Angela: In an effort to avoid unnecessary chemicals, sugars and preservatives, I make raw milk yogurt, kefir and the occasional batch of butter, kombucha tea, ginger beer, wild-yeasted sourdough bread, fermented vegetables, toothpaste, laundry detergent, cleaning products (which are actually just baking soda and vinegar), body lotion (olive oil or coconut oil with the occasional essential oil added). I’d like to start taking up cheese making again…my previous attempts at mozzarella ended up as some tasty ricotta. In the past, we brewed and bottled our own beer. Currently, I’m looking into making my own bar soap and dishwasher soap, too.
Tiffany: Do you try to stay local with things you cannot provide yourself?
Angela: Absolutely. Every year we buy ¼ of a grass-fed, antibiotic-free cow for a local farmer. All our other pasture-raised meats come from Harmony J.A.C.K. farms in Scio, Oregon. I also buy raw milk from a friend in a neighboring town. During the fall and winter months, we order our fruits and veggies from Azure Standard. They either grow the food themselves in greenhouses on their farm in Dufur, Oregon or bring it in from Washington. Azure is also our supplier of organic whole grains for our hens.
Tiffany: What has been the most rewarding thing about this lifestyle?
Angela: The pride of knowing we can do it ourselves has been our greatest reward. We are not reliant on big companies anymore and we spend a fraction of what we used to at the store. It is also a wonderful feeling knowing that we are living more in line with nature instead of in opposition to it. Mother Nature is amazing and it feels wonderful to know that we are being good stewards of the earth.
Tiffany: What do you hope your children will learn along the way?
Angela: I hope they learn self-sufficiency, independence and interdependence, and I hope they will have a deep respect for and connection to this beautiful earth we live on. My children will grow up knowing that our sort of lifestyle is very doable and highly rewarding. I also feel that living this lifestyle is the greatest antidote to consumerism and the marketing tactics of large corporations. They will know what is truly important in life, and it’s not the latest technology gadget, the latest fashions or fancy cars. I also sincerely hope they learn how to respect their bodies by eating nutrient-dense, organically-grown and humanely-raised food. Their health is their greatest asset in life.
Many thanks Angela for sharing with us and being an inspiration for wanna-be homesteaders!
Our lovely long weekend here in Central Ohio was a chilly one. I broke out some heavier blankets and cuddled up with a couple good books, one of which was Made From Scratch – Discovering the Pleasures of a Handmade Life. This book sat on my wish list for a long time and then in usual fashion, I had to choose a wishlist selection to put me over the free shipping threshold at Amazon. I was in dire need of more Amazing Grass, so I picked up this book in the bargain. I sat down with my “Amazing” spinach, strawberry, banana smoothie and started reading about a handmade life.
This book is a practical guide about self sufficiency in a modern society. As the author stated stated, imagine American Gothic and replace the pitchfork with a computer mouse. LOVE that. But in all honesty I think the introduction slightly misrepresented the life of the author, Jenna Woginrich. I imagined she was living in an inner city apartment, striving to be more self sufficient in the heart of a downtown metropolis. But alas I read on to find she was actually renting a farm and she owns sled dogs she uses in winter for mushing. While I was 100% enchanted by her story and her life… it isn’t exactly modern living for the majority ya know?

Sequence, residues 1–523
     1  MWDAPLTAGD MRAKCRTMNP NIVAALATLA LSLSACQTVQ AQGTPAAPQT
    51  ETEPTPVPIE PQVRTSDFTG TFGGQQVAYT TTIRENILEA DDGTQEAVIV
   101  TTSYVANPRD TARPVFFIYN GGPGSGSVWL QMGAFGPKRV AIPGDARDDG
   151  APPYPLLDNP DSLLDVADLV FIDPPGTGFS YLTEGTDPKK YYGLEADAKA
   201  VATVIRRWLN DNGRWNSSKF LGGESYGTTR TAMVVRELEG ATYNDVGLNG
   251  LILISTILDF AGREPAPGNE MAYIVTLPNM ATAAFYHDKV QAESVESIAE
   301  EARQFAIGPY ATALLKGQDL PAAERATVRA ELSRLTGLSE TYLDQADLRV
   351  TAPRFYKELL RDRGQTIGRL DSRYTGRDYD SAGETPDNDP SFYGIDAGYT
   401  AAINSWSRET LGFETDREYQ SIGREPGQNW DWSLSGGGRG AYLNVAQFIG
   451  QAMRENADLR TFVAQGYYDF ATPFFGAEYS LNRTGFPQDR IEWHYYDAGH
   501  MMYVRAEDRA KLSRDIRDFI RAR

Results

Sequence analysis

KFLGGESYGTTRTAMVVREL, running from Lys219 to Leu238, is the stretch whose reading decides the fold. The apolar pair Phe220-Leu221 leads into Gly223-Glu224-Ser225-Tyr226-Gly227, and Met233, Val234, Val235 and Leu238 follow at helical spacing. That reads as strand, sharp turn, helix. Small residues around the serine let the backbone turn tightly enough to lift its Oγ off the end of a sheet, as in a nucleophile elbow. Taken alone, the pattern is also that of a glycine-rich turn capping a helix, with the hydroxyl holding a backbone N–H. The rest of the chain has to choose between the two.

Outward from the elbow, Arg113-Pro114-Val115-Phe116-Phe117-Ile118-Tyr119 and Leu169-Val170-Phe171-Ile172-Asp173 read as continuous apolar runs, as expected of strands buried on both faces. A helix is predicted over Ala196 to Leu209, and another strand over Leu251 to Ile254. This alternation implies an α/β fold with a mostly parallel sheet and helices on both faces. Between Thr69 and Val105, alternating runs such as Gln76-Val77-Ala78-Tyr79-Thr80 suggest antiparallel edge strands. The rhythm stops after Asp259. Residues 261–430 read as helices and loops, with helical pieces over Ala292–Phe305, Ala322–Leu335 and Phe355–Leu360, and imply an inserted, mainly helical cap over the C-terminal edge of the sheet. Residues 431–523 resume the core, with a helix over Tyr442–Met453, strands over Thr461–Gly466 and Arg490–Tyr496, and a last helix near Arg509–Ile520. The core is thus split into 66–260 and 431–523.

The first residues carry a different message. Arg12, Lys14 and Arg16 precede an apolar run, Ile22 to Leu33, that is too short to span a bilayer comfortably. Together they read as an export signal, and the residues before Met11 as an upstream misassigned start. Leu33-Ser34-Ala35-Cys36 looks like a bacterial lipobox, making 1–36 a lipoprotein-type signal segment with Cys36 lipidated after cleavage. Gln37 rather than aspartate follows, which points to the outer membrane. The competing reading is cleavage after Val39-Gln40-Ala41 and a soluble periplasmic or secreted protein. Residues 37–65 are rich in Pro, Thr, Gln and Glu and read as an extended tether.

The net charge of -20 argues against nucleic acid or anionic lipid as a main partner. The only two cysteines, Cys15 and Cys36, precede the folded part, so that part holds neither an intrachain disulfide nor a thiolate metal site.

But even though I don’t live in the wilds of a mountain region in Idaho I still found much of the information useful. I also put down the book with a burning desire to learn to play the fiddle. The book covers chickens, growing your own food, beekeeping, cooking the old fashioned way, using old and vintage stuff instead of new, making your own clothes, owning working dogs, and livestock.
The chapter on raising chickens was so inspirational. I have always wanted to own chickens and have my own source of eggs. It is on my someday list. My favorite chapters were on buying used and classic items. Products made 50 years ago or more were made to last and if they broke they were made to be repaired. Nowadays products are designed to have a short useful life. That is how corporations can count on your repeat business. They know the product you buy will only last a short amount of time and many make it difficult or impossible to repair so that buying new is the easiest option. I am all over buying used and buying vintage. I love my hand crank nut grinder and my vintage refrigerator dishes. Some of the dishes we eat our scrambled eggs on are over 100 years old. They don’t make stuff like they used to.
The author enjoyed drinking her home brewed coffee from green jadeite mugs (my grandmother had those!) and I love my Pyrex and Fire King. I just scored some of both at an auction this weekend. I got some beautiful lime green and pink gooseberry bowls and casserole dishes that are still vibrant in color. The little things make me happy. ;)
Other chapters on raising rabbits or keeping bees were interesting but not on my wish list. I think a part of modern self sufficiency is finding people in your community to provide the things you can’t provide yourself. Sewing clothing is on my wish list though. I have made stuff for the kids and for our home but I haven’t sewn anything for myself since I was 16. I need to start sewing more. I walked away from this book with a big to-do list. Each month I want to learn some new skill or way to become just a bit more self sufficient and less reliant on society to meet my needs. As the author mentioned, it gives you a sense of accomplishment and pride like nothing else can.
Book: Made From Scratch – Discovering the Pleasures of a Handmade Life